Last updated on May 3rd, 2023
Under some circumstances, a property owner may be liable for skateboarding injuries that occur on their property.
Nearly anyone who has ridden a skateboard has taken at least a minor spill. Still, you might be surprised by how common skateboarding injuries are and how serious they can be. Of 33 sports at the Tokyo Olympics, skateboarding was in the top five for participant injuries. About 21% of competitors in Olympic skateboarding events were injured, compared with 9% of athletes competing in the games overall.
While Olympic-level skateboarding is faster-paced and more sophisticated than the tricks most skateboarders attempt, injuries aren’t limited to the pros. According to the American Academy of Orthopedic Surgeons (AAOS), about 70,000 people visit emergency rooms each year as a result of skateboard-related injuries. The National Safety Council (NSC) puts that number much higher, at more than 245,000 in 2021.
Skateboarders can suffer a wide range of injuries. Wrist fractures are among the most common. Other relatively common skateboard injuries include cuts and lacerations, other arm injuries, concussions, and facial injuries.
There’s no way to make an activity like skateboarding 100% safe. But, there are precautions skateboarders and parents can take to reduce the risk of injury and minimize the extent of injuries. First, a significant percentage of skateboarders treated in hospital emergency rooms are very new to the sport. So, it’s especially important that newer skateboarders take safety precautions. And, it’s a good idea to avoid getting too ambitious until the rider has established a level of comfort and confidence with the board.
Other skateboard safety tips include:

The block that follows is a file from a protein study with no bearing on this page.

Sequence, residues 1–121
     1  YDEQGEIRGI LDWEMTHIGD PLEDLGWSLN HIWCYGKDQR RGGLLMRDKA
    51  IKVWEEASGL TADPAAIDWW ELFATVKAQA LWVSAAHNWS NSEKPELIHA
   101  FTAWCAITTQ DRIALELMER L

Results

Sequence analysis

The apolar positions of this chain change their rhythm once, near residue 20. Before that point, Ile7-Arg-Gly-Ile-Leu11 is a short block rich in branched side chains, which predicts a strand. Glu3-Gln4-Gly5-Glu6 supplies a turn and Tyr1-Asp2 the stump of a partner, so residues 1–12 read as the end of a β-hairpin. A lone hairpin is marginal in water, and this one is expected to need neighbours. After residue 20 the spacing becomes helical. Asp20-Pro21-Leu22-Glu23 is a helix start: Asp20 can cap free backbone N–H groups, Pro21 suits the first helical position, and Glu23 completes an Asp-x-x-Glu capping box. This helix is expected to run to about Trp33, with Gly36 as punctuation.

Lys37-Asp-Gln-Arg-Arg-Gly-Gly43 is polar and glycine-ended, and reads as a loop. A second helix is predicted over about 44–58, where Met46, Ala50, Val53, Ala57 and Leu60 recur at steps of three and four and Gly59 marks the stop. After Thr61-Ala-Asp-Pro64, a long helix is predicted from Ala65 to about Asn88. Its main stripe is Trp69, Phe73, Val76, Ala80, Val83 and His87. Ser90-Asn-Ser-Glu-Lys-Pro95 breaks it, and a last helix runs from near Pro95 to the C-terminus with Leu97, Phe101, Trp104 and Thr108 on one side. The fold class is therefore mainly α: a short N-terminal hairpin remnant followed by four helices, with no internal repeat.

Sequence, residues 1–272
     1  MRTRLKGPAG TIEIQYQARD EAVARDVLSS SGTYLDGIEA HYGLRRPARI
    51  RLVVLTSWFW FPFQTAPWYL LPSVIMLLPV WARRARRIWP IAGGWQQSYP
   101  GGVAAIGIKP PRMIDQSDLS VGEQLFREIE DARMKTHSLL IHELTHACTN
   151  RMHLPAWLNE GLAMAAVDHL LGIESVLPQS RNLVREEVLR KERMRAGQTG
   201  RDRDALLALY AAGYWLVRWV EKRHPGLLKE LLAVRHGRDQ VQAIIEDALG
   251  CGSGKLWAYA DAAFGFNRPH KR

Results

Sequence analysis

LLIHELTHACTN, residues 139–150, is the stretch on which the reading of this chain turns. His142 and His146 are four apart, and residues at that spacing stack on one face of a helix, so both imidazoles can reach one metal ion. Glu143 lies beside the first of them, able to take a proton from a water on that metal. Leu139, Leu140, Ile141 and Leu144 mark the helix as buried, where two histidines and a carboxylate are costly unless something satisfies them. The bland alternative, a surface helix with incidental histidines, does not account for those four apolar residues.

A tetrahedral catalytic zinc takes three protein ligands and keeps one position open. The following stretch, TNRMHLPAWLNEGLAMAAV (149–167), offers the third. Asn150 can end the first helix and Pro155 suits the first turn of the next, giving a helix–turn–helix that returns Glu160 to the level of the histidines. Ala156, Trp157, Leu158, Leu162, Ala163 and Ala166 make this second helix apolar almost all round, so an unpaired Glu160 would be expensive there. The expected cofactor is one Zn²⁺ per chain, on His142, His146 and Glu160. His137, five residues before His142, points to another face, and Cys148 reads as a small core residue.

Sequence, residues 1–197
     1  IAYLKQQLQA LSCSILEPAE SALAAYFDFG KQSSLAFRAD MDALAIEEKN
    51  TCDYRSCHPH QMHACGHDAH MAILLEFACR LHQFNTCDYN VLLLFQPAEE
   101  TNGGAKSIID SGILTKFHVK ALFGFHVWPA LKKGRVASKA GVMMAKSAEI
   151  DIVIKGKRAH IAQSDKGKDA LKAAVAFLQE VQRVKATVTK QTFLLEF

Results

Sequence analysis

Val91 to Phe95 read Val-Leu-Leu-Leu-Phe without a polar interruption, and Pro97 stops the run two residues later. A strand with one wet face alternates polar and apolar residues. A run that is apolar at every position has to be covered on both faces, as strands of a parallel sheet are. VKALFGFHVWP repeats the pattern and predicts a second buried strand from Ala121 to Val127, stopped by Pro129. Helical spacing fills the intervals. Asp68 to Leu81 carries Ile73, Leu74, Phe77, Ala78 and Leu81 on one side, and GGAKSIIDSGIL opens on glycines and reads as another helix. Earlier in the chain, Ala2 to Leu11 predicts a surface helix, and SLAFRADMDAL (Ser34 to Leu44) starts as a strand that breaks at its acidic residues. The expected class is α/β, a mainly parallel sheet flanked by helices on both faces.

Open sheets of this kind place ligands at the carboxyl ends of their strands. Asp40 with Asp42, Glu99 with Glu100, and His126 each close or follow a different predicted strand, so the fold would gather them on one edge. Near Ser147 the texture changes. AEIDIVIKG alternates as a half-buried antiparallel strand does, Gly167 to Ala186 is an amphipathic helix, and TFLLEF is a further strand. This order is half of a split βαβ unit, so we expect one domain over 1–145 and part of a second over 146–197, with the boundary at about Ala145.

Of course, not every skateboarder takes these precautions. And, sometimes accidents happen even when you’ve taken protective measures.
As in most personal injury situations, there are many possible responsible parties. For example:
Skateboarding includes a degree of recognized risk, and it’s not unusual for skateboarders to take additional risk by skateboarding in an unsafe location, riding a board that hasn’t been properly maintained, trying a trick they aren’t ready for, or neglecting safety equipment.
Whether the injured person can collect damages in that situation depends on how much of the responsibility they bear and who else shares responsibility. If the injured skateboarder was more than 50% responsible, they won’t be able to recover damages from other responsible parties. But, if someone else was more than half responsible–or if two or more other parties share more than half of the responsibility–an injured person who contributed to their own injury can recover proportionate damages. For instance, if the skateboarder had $100,000 in damages and was 30% responsible, they would be responsible for 30% of their own costs ($30,000). But, they could potentially still receive $70,000 in damages from other responsible parties.
Generally, Ohio property owners are required to maintain their property in a reasonably safe condition for those visiting the property. But, the standard of care is different depending on the reason the person is on the property. The highest duty is to a visitor to a business, which would include someone skating at a commercial park during business hours, having entered the property legally. But, the duty of a trespasser is greatly reduced. So, in many cases, a property owner would not be responsible if skaters illegally entered the property to skateboard without the owner’s knowledge.
Like many states, Ohio limits the liability of governmental entities and subdivisions. So, for example, a local skate park run by the city won’t necessarily have the same responsibility that a commercial skate park would. But, that doesn’t necessarily mean you have no recourse if you were injured at a public skate park. One exception to the protection for governmental entities is that they may be liable for damages “caused by the negligence of their employees and that occurs within or on the grounds of, and is due to physical defects within or on the grounds of, buildings that are used in connection with the performance of a governmental function…”
Determining who is responsible for a skateboarding injury can be tricky, and proving it can be even more challenging. If you’ve been seriously injured while skateboarding or been injured by a skateboarder, your best next step is to consult an attorney who can explain your rights and potential claims. You can schedule a free consultation right now by calling 937-222-2222 or filling out the contact form on this page.
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